Dropping ‘Abide With Me’ Should Not Come as a Surprise

Discarding a wonderful hymn with a universal and humanist message fits in with what New India wants to be.

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The decision to drop the hymn ‘Abide with Me’ from Beating Retreat at Rajpath has come as a shock for many Indians. Social media says it will be replaced by a Bollywood song performed by young marchers of the armed forces, a prospect too awful to contemplate, much less witness. But a more sober report says that the band will play ‘Ae Mere Watan ke Logo’ by Lata Mangeshkar, which was written by Kavi Pradeep, a deshbhakti expert much admired by the Sangh – he got the Dadasaheb Phalke Award during the A.B. Vajpayee government.

As we know, ‘Abide with Me’ was Gandhiji’s favourite hymn and when Beating Retreat parades began, the Government of India added it, not just in honour of the Mahatma but also because it is such a wonderful hymn, solemn and fully in the spirit of the Retreat. It never fails to bring a tear to the eye, as the ceremony ends against the backdrop of the sunset. There is a gentleness to the proceedings, and none of the aggressive muscle-flexing and machismo of the Republic Day Parade, with its display of military hardware. I respect tradition as much as the next person, but it is time now, 75 years after Independence, to stop showing off our military prowess, more so since with all of those toys, we have not been able to prevent the Chinese from intruding into our territory.

‘Abide with Me’ is very familiar to millions of Indian students. This government and the BJP may think of it as a Christian or Biblical hymn, but it is sung in thousands of (non-missionary) schools all over the country. Nor is it colonial ― Gandhi was a keen student of the Bible and many of his convictions were influenced by the teachings of Christ, whom he called the “most active resister perhaps known to history” and “one of the greatest teachers humanity ever had”. He called him a votary of non-violence. All this while remaining a devout Hindu. He absorbed the best of every religion and subsumed it to emerge as an Indian. To the Sangh, though, Gandhi gave away too much to Pakistan, his greatest crime. They cannot denounce him openly, but they can undermine him and belittle his legacy.

But there is much more to this erasure. It breaks all connections with the past and puts the stamp of a new, Modified India but also shows a canny understanding that the past is not a vote-catcher anymore. The old elite, its values and worldview are no longer relevant in the India that has shaped up. What particular connection does ‘Abide with Me’ have? It was anyway imposed from the top, with no say of the masses. Doing away with it is no loss to Narendra Modi. And who cares for the noisy and raucous bunch of old types, tweeting away among themselves, whining about the good old days and the vulgar tastes of his followers and the masses in general? Their vote doesn’t count anyway. Bollywood, or any Indian song, will connect with everyone, the rural youth and the urban bourgeoisie (including the prosperous middle classes). Even if it is a non-filmi song, as long as it is widely known among Indians – the kind of Indians Modi banks on – it is fine. They are his biggest supporters and this will please them.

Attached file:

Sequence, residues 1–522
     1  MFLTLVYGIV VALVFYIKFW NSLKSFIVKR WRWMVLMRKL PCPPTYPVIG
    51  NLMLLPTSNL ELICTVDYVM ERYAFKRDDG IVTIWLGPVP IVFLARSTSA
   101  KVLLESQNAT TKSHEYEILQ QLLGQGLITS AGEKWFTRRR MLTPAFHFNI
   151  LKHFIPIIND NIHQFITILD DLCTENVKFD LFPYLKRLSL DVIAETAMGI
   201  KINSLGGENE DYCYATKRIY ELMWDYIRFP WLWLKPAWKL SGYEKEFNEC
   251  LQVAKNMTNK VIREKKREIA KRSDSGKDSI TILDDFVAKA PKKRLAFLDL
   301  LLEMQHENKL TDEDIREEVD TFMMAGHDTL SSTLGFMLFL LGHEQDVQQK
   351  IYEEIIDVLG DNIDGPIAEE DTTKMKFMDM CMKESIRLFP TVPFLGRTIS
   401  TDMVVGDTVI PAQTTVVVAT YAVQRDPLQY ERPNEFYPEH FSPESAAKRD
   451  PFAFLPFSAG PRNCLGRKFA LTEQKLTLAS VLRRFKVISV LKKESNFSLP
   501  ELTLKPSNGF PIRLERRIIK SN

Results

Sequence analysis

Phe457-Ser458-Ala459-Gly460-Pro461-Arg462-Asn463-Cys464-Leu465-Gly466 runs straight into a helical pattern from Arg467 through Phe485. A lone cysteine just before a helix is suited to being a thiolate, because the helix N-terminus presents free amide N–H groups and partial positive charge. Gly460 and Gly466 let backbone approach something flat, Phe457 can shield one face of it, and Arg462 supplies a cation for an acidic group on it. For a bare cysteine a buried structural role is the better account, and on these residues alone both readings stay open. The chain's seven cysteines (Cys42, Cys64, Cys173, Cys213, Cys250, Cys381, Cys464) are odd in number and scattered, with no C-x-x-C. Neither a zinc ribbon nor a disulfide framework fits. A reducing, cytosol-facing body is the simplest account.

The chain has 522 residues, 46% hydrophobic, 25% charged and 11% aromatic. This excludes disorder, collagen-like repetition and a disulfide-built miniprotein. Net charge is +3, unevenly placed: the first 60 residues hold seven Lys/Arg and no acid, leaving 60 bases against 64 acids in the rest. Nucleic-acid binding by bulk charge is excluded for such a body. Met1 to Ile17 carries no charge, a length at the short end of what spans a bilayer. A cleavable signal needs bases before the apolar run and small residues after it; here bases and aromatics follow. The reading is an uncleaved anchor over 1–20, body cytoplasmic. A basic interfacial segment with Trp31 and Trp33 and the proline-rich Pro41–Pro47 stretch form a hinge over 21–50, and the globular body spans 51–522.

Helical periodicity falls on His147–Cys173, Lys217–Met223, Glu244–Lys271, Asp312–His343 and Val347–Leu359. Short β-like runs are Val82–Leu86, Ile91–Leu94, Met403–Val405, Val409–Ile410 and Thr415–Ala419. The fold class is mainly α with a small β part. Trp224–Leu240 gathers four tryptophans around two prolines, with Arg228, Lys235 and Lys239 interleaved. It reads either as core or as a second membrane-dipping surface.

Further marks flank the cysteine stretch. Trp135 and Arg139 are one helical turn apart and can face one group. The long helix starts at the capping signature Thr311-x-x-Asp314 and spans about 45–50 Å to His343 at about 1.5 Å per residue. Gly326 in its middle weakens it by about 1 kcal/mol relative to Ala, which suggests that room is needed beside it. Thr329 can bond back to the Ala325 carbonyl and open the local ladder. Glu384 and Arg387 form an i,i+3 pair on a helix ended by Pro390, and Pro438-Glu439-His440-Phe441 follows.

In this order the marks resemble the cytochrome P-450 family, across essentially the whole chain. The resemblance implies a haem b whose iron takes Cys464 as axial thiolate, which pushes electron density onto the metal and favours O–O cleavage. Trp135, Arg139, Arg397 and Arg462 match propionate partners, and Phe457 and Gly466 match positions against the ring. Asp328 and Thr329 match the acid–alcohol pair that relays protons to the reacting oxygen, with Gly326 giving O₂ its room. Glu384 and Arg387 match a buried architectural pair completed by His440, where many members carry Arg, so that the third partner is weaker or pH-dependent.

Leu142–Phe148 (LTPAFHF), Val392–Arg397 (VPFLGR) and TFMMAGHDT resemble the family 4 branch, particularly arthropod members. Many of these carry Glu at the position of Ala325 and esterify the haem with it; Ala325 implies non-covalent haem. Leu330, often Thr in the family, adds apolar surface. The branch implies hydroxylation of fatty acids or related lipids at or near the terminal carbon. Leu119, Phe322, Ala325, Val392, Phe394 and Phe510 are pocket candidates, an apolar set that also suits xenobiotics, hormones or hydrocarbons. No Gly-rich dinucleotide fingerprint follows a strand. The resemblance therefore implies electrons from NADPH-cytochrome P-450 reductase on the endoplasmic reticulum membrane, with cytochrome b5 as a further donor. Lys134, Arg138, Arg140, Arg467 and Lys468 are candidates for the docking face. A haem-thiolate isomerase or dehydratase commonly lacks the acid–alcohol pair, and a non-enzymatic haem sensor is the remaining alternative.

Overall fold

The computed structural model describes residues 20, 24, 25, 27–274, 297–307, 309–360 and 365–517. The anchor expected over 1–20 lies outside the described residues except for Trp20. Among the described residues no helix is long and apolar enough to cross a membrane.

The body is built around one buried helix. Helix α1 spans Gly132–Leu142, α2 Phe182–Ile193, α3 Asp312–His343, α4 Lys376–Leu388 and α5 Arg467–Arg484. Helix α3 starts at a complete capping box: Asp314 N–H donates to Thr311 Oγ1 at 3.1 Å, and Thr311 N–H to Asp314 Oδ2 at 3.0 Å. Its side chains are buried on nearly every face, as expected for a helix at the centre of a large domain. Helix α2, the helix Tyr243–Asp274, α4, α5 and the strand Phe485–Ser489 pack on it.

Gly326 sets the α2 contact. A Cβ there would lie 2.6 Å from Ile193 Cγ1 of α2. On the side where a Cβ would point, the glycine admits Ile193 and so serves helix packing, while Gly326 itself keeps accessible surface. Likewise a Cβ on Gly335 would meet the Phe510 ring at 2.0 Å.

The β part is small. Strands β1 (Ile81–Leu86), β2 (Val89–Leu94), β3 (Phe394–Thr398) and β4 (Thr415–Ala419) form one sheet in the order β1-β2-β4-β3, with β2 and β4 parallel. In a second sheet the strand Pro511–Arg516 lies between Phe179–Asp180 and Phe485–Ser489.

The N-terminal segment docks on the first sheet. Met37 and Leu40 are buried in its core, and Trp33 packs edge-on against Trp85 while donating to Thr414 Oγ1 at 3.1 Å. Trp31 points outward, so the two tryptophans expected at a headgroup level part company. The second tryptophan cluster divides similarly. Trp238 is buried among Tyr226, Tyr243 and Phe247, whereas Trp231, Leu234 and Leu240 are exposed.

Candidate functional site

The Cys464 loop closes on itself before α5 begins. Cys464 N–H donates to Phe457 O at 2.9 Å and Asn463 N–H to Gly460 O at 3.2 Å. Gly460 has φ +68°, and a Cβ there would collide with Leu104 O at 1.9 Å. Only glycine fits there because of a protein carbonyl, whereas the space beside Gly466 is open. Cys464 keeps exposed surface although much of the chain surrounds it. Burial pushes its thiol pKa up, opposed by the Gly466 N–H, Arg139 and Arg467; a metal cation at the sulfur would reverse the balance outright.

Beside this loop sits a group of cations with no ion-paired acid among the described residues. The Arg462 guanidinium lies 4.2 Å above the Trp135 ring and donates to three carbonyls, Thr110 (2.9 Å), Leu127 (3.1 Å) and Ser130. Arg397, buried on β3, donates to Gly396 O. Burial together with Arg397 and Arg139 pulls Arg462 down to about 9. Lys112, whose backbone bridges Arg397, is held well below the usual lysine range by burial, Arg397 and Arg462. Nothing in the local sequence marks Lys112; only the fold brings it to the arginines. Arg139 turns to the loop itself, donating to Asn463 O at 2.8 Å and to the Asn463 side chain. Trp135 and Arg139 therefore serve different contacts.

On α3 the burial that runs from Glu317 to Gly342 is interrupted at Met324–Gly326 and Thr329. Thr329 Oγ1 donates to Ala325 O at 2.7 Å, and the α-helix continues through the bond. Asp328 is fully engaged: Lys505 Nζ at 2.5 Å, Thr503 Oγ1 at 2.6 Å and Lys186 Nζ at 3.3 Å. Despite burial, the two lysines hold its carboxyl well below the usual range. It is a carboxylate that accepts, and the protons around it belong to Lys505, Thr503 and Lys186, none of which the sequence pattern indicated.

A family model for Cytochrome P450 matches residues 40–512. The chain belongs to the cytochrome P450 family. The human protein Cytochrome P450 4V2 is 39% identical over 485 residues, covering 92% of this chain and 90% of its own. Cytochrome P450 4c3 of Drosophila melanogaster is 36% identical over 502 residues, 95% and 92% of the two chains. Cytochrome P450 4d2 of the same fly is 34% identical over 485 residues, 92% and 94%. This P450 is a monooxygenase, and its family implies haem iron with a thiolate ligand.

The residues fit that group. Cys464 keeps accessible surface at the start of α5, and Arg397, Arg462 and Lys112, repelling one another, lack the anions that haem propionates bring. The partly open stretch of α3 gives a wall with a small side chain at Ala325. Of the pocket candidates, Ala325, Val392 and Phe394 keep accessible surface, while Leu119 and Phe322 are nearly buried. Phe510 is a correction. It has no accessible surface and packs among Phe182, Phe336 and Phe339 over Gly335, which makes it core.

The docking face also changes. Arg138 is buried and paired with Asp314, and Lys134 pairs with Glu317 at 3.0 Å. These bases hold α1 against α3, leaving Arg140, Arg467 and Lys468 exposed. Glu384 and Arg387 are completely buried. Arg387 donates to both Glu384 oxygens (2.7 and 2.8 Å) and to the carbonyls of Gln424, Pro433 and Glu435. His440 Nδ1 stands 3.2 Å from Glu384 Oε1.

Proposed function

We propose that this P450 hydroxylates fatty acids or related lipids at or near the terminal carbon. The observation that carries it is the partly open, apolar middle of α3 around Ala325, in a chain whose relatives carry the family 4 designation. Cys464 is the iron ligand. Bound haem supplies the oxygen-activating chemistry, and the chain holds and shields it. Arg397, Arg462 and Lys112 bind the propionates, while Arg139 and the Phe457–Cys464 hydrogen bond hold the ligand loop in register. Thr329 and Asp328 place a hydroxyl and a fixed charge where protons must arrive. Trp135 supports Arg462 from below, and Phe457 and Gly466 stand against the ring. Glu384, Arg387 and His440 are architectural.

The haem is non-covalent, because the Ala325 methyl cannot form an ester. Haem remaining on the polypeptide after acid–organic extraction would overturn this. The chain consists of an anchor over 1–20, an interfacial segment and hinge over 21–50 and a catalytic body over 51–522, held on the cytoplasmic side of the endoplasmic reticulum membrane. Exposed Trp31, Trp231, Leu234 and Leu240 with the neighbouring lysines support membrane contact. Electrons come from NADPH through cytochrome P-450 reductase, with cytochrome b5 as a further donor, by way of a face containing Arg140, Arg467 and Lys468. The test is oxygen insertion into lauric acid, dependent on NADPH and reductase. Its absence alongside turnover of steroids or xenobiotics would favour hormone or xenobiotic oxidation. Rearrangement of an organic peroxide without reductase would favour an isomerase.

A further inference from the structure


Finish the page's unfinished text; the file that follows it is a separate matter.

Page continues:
They suffered after demonetisation, unemployment has grown and COVID-19 hit them as much as anyone else, but they don’t care. Modi speaks to them directly, in their language. Had ‘Abide with Me’ stayed in the ceremony, they wouldn’t have known or bothered, but its going confirms their belief that he is bringing it all in tune with ‘Indian nationalistic values’. That is the central message that has been sold to them repeatedly over the years – that the New India is removing the old, the outdated, the ‘foreign’ and infusing it with Indianness. We can only guess what kind of WhatsApp forwards are being passed around with this move.

So while People Like Us hyperventilate about what Modi is doing every day – demolishing the Central Vista one day, removing the Amar Jawan Jyoti from its location another day, and altering Beating Retreat on a third day, he merrily goes on, uncaring of our views and talking directly to his own audience.

Why not do away with the ceremony totally, given that, like many other things associated with the Army, it is a colonial leftover? That won’t happen because it is one more opportunity to preen in front of an audience of millions who will adoringly see their leader on live television in yet another elegant outfit, while the anchors parrot “Masterstroke”, confirming their view that it is a great decision.

So one more tradition gone, one more link with the past broken. Many more will come. We can moan, wring our hands, express our disgust on social media. What would Gandhiji, who loved this hymn, have said? He would have quoted from the hymn itself:

I fear no foe, with Thee at hand to bless
Ills have no weight, and tears no bitterness